He looked around at them in anger and, deeply distressed at their stubborn hearts, said to the man, “Stretch out your hand.” He stretched it out, and his hand was completely restored. Mark 3:5
Mason got a Rubik’s Cube for Christmas. Within minutes, he shuffled the colors, and has been frustrated trying to solve it since. Zack said that there was a boy named Patrick in his fifth grade class who “claimed” he could solve the Rubik’s Cube. So Mason had Zack take it to school the other day for Patrick’s help.
Not only did Zack get off the bus that afternoon with the cube completely solved, but Patrick had taught Zack a series of moves that would shuffle the colors into a pattern, and then reshuffle them back to the solid colored sides again. Mason was so excited, he couldn’t wait until we got home. He grabbed the cube in the car and began shuffling. But in his enthusiasm, he got the series of moves wrong and was unable to get it back to the solid colored sides again. To say he got upset is an understatement.
As we walked up the stairs from the garage, Mason fiercely stomped out his frustration. When we got into the kitchen, he kicked his backpack and snow bag as he went from frustrated to downright angry. I had him go sit in the living room to cool off while I figured out how to handle the situation.
This isn’t an unusual reaction for Mason. Although on the surface he seems to be a flexible and easy going kid, all his little life he’s been losing his temper and getting frustrated when things don’t turn out how he wants them to. I constantly ask him if his reaction is matching the situation, and if not, what a better response would be. I have given him a “punching pillow” to punch out his anger and frustration. I’ve given him umpteen million speeches about how it’s okay to feel angry or frustrated; after all, we all have a right to our feelings and emotions. However, it’s how we control them and act on them that matters. He gets it all on a head level, but has yet to live it out on a heart level.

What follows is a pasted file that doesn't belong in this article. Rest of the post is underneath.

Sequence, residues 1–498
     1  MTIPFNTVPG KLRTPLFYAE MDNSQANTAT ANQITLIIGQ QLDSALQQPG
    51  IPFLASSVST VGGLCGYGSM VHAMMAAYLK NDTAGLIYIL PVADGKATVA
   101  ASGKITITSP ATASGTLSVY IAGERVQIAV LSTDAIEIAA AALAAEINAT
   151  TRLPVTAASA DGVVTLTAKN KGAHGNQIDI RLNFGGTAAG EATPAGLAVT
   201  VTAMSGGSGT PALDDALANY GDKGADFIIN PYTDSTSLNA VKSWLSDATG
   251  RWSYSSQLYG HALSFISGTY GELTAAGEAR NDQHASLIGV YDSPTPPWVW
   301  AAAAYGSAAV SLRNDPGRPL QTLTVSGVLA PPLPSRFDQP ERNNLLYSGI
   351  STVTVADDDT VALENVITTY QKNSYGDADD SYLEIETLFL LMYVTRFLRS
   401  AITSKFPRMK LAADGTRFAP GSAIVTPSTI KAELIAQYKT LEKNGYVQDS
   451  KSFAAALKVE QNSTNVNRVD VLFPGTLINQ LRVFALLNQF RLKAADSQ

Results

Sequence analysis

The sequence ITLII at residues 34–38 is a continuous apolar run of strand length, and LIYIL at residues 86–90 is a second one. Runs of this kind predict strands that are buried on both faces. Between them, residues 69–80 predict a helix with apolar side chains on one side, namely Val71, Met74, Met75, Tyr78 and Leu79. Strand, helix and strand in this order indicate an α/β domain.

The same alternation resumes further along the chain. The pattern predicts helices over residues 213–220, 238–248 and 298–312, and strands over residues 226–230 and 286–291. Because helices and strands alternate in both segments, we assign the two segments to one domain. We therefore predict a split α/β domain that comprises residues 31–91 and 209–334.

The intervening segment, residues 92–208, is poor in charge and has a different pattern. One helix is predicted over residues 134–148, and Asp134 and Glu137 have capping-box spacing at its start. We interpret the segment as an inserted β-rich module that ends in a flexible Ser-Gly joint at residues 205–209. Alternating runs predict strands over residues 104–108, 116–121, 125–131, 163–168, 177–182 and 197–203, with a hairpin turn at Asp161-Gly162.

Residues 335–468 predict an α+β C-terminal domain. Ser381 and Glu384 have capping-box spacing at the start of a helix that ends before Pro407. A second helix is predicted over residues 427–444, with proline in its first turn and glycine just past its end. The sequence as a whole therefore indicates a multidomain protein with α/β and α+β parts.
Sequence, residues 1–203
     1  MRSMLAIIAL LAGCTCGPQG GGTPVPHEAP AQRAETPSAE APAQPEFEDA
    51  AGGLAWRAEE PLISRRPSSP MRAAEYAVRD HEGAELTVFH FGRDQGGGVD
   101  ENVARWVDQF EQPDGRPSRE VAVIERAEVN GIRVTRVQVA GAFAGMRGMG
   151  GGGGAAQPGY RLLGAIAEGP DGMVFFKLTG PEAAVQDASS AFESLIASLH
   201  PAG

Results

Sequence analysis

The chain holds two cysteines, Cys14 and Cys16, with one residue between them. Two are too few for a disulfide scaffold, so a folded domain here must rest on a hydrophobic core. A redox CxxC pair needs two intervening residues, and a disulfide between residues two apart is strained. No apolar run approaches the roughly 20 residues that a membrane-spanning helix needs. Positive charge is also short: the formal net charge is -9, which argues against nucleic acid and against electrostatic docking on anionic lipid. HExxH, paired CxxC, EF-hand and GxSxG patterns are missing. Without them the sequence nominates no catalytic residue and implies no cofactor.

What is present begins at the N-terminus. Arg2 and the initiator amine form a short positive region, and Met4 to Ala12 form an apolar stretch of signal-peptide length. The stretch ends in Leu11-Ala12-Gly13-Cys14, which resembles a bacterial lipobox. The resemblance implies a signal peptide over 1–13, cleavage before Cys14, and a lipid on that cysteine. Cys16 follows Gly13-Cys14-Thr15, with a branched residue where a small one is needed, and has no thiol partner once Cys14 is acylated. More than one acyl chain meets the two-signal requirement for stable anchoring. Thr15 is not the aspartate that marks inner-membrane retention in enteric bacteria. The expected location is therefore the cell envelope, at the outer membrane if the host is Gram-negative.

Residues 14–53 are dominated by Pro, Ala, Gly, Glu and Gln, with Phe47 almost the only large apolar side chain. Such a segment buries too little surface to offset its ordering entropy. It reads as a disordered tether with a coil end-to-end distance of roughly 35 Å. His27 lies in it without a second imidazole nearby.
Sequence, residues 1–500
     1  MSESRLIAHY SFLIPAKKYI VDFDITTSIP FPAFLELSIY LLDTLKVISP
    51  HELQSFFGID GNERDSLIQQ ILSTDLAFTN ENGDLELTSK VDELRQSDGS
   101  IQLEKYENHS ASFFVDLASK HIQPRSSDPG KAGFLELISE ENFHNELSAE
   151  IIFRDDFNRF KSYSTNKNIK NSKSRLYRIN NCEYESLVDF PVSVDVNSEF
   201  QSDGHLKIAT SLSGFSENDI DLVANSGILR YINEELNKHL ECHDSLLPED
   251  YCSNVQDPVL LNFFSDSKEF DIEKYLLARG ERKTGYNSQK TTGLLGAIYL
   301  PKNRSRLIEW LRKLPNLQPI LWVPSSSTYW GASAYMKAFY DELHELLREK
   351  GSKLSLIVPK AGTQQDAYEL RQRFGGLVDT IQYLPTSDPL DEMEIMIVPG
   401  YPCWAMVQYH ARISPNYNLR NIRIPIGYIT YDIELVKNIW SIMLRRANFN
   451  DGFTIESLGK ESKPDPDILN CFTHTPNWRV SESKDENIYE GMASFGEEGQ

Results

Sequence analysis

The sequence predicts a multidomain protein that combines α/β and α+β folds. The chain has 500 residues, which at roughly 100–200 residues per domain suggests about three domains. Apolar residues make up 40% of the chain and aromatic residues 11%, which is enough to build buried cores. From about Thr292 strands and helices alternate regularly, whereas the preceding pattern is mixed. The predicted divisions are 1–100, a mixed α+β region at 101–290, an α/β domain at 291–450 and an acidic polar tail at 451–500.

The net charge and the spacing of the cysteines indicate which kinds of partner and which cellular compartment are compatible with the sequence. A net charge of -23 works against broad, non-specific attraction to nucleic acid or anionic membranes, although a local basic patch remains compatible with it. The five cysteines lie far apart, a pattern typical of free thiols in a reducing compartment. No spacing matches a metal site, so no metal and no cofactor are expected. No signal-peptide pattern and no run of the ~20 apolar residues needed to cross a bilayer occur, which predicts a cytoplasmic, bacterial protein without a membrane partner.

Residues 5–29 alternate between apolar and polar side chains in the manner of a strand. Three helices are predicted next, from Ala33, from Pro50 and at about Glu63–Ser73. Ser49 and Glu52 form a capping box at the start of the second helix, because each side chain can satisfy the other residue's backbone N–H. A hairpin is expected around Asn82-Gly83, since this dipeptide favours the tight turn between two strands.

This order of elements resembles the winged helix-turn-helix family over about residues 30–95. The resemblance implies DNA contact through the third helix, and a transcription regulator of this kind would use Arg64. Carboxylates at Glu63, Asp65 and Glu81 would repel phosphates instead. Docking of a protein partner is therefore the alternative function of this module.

Unfortunately, Mason gets his short fuse from me. I too lose my temper and get immensely frustrated when things don’t turn out how I want them to. I’ve gotten fairly good at hiding this from the outer world, but at home, I let my temper and frustration fly with both my husband and my kids. Clearly I am setting a terrible example that Mason is following. How can I point out the splinter in his eye before removing the plank from my own?
In this scripture passage, not only was Jesus angry at the Pharisees for harshly judging Him all the time, but He was “deeply distressed” that their stubborn hearts made them deaf to all that He was teaching about His Father. But rather than losing His temper, or even just controlling it, Jesus performs a miracle instead. He takes His negative emotions and transforms them into actions that heal.
After reflecting on all of this, I went and sat beside Mason in the living room. I admitted to him that I shared his same problem. He wasn’t surprised to hear it; he’s been living with my temper and frustration for years. But he was surprised when I suggested that we work together to help the other overcome it.
I then brought him out to the kitchen and showed him a pile of drinking straws and a cup. I explained that each time one of us chooses to not give in to our temper, we get to put a straw in the cup. However, if one or the other of us loses our temper, we have to take a straw out. When all the straws are in the cup, we get to decide together on prizes for ourselves. Mason literally jumped on me and hugged out his agreement!
So begins our “Temper Challenge.” I’m hopeful it is going to work. If Jesus could use His negative emotions to create miracles, the least Mason and I can do is learn to control ours.
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